Writer: Geoff LaTulippe
Director: Nanette Burstein
Cast: Drew Barrymore, Justin Long, Charlie Day, Jason Sudeikis, Christina Applegate, Ron Livingston, Oliver Jackson-Cohen
Studio: New Line Cinema
DVD Release Date: November 30, 2010
Online Availability: Amazon for $14.99
I have to tell you that I enjoy a good Rom Com. It might be surprising, but it is true. Beneath the big-bellied machismo of a man I am is a sensitive, caring romantic at heart. Drew Barrymore is just adorable, so I usually enjoy the movies she is in. I loved her in Never Been Kissed, 50 First Dates, and The Wedding Singer. Of course Going the Distance isn’t exactly an Adam Sandler film and Barrymore’s Erin is no Julia Gulia. But, and this is a big BUT, this movie is an honest little ditty of a flick. It’s sugary sweet with a cherry on top, especially the ending. I am sure you can guess what’s gonna happen before the movie even begins, but I’m not about to be a spoil sport and ruin it for you.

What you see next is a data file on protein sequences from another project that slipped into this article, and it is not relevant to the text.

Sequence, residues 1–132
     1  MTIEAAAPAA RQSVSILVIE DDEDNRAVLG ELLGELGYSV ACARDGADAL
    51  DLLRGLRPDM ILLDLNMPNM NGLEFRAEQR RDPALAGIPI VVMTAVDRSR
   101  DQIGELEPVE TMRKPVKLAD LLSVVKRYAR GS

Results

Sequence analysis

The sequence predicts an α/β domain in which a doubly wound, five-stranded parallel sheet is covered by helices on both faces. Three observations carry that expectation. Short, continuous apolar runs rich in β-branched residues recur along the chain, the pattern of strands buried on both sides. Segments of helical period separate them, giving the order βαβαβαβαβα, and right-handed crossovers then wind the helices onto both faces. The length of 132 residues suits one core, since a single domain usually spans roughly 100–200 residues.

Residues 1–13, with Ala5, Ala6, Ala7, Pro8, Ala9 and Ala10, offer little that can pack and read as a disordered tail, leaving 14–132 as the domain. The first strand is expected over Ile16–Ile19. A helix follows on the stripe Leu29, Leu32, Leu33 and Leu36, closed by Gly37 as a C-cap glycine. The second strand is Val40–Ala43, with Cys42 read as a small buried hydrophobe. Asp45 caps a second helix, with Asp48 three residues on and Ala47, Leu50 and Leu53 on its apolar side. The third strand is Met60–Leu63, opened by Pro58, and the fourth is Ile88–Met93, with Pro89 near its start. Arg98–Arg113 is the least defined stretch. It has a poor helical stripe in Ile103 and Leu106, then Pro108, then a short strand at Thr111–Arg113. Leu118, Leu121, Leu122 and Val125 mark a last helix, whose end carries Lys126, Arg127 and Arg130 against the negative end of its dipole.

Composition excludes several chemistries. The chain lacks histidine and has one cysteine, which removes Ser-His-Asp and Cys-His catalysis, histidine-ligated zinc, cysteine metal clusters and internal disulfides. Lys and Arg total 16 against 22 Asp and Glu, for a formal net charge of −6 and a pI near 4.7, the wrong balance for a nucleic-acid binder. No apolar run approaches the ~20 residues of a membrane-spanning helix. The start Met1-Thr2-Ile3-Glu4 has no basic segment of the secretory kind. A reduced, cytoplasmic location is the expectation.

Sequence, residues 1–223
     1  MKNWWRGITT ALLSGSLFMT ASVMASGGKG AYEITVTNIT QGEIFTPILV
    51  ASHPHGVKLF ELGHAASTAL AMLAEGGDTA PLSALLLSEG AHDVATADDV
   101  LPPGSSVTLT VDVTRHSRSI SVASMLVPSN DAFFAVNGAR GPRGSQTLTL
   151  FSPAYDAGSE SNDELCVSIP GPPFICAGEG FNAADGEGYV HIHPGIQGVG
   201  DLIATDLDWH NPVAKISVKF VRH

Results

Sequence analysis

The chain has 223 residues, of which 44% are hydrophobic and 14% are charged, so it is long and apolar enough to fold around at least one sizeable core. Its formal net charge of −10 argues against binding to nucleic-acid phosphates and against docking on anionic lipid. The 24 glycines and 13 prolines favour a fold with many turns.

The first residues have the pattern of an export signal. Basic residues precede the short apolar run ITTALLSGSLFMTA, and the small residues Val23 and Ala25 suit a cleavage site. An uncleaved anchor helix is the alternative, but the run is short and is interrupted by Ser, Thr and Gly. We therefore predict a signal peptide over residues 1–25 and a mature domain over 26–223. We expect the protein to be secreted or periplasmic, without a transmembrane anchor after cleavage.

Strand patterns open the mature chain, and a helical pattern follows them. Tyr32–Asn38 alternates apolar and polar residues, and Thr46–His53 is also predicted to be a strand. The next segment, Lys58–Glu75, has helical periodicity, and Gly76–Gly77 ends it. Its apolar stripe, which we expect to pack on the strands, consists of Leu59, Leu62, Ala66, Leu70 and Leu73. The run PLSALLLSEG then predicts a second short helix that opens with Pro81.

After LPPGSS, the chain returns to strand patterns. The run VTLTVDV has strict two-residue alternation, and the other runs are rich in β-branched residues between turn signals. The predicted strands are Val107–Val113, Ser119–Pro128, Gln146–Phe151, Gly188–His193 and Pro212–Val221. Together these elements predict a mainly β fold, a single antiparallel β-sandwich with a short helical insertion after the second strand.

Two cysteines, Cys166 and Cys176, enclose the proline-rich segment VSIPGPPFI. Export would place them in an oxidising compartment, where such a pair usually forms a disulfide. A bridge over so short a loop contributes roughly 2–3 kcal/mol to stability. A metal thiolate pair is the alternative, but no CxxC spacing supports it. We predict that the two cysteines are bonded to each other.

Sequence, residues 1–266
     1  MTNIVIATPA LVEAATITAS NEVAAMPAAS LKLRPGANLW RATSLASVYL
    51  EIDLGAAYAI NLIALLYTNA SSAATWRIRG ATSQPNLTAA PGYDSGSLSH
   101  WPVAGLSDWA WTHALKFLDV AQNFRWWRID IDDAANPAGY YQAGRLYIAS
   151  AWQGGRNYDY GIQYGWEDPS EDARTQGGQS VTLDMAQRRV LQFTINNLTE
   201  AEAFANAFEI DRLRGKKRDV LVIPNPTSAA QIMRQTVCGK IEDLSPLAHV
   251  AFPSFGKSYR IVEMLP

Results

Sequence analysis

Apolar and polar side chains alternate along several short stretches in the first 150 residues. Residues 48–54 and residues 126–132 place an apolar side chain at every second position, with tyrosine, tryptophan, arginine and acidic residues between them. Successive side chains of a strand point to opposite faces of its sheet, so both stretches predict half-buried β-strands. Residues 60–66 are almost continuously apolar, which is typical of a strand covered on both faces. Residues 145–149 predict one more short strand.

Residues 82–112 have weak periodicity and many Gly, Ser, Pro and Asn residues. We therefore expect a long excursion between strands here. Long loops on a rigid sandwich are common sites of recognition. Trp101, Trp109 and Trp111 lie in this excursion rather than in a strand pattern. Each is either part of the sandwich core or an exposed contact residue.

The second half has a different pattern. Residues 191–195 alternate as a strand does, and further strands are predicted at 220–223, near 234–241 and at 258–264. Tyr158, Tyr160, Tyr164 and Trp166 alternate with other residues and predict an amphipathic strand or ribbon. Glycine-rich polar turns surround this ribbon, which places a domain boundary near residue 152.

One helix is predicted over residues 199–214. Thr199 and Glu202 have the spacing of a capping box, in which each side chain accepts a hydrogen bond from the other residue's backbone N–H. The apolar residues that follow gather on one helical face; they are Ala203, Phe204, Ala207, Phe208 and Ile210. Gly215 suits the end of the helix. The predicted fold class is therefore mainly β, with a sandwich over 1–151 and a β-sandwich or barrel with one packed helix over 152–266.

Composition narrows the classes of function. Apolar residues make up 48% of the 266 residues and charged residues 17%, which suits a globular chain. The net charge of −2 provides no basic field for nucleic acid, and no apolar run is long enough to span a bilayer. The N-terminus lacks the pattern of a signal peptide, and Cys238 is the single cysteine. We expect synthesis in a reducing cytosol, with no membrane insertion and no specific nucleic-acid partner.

As sweet and simple as Going the Distance is, there are moments of boring. The plot runs rather dry at times, and it feels almost too predictable. Rom Coms are predictable, of course. We watch them because we know what is going to happen. We want to find happiness with the characters. We want to feel their joy and their love. That is why we go see these movies. It is not so much not knowing what the story entails, but rather wanting to enjoy a new version of an old story we’ve overplayed many times. It is the newness of the old that we crave, and when the timeless tale of love is able to reinvent itself, we too fall in love all over again.